NHS bosses pledged to tackle the source of health problems
People in Clackmannanshire are to be offered personal support workers in a bid to bridge the health divide between rich and poor in the county.
Figures show Clackmannanshire has the highest death rates from heart disease, cancer and stroke in the Forth Valley.
Life expectancy for men in the county is 73.4, nearly four years earlier than their neighbours in Stirling.
The £600,000 two-year scheme, funded by the Scottish Government, will be run by NHS Forth Valley and the local council.
The programme will also try to tackle substance use and smoking by encouraging locals to take a more active role in looking after their own health.
A recent survey in Clackmannanshire showed that only 30% of households eat the recommended five portions of fruit and vegetables per day.
Wide variations in smoking rates were also discovered with only 14.4% of people smoking in the more affluent town of Dollar compared with nearly 37% in Alloa south and east.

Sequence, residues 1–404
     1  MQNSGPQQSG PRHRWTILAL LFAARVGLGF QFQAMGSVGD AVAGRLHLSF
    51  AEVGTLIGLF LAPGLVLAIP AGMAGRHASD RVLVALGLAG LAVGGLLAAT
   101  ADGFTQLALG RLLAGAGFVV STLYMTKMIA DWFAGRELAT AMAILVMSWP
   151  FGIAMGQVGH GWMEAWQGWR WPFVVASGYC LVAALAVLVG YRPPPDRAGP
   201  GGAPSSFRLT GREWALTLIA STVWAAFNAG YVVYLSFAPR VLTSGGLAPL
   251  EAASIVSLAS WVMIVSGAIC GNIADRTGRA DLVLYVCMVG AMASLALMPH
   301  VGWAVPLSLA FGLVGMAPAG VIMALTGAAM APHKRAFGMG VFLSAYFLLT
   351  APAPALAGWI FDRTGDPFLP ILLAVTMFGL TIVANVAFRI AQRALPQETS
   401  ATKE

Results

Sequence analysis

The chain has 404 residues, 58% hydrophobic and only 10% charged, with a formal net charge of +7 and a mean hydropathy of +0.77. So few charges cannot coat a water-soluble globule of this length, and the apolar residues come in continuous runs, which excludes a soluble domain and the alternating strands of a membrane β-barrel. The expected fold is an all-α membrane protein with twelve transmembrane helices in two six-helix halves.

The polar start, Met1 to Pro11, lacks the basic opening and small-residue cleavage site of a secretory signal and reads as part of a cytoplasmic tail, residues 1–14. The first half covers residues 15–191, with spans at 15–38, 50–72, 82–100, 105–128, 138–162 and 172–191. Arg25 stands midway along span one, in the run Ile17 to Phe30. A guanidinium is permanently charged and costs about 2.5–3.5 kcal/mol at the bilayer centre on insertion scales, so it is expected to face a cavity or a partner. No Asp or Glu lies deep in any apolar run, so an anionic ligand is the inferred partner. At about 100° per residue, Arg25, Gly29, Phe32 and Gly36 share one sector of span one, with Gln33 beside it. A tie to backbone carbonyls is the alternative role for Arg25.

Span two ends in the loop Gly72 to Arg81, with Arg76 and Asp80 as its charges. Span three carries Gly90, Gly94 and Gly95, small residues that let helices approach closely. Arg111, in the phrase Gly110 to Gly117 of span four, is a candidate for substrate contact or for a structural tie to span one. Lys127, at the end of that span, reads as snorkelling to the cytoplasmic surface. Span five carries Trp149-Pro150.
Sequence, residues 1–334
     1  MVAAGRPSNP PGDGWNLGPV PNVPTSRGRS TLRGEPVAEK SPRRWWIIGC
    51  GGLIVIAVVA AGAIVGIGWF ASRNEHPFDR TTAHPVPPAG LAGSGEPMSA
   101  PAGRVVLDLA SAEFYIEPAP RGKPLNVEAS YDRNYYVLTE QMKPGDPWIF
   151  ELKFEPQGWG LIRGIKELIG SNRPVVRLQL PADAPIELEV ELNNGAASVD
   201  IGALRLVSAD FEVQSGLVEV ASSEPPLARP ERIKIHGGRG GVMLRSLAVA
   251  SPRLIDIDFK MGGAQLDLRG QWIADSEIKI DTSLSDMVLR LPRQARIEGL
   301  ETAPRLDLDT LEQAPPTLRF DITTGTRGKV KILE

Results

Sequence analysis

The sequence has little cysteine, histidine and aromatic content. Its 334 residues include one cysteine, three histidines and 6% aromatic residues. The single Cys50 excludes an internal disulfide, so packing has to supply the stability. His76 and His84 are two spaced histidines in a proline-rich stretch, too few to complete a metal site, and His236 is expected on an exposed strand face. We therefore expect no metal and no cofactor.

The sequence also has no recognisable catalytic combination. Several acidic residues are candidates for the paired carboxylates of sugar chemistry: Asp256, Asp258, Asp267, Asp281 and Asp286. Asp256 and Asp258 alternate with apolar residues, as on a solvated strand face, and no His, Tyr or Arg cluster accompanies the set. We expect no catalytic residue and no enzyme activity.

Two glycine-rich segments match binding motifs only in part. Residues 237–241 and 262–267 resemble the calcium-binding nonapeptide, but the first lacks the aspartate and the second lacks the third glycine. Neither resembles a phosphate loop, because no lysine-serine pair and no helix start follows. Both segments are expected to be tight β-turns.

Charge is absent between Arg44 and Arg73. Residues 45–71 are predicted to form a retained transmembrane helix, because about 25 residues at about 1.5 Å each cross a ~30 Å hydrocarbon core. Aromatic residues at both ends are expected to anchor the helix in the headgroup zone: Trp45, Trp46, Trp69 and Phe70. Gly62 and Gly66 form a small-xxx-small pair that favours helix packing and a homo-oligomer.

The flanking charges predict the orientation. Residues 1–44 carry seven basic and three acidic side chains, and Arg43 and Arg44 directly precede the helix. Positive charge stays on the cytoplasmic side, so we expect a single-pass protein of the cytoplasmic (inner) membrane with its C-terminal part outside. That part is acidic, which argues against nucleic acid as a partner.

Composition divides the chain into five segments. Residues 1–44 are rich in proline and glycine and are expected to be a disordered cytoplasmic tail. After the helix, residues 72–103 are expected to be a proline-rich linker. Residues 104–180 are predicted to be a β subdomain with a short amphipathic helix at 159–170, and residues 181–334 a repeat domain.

NHS Forth Valley said those over the age of 18 who have health risks will be identified through their GP and fast-tracked to a range of services, including personal support workers, smoking cessation clinics and weight management services.
The move follows a pilot in Tullibody where anticipatory care like health checks and cheap fruit and vegetables were offered to those at a high risk of developing health problems.
Kathy O'Neill, general manager of Clackmannanshire Community Health Partnership, said: "The programme will specifically try to lend intensive support to people and give them the best opportunity to stay in good health and improve the quality of their lives.
"This is an exciting new way of working, bringing together the experience of health professionals, and voluntary and community projects to provide the best possible local services for people."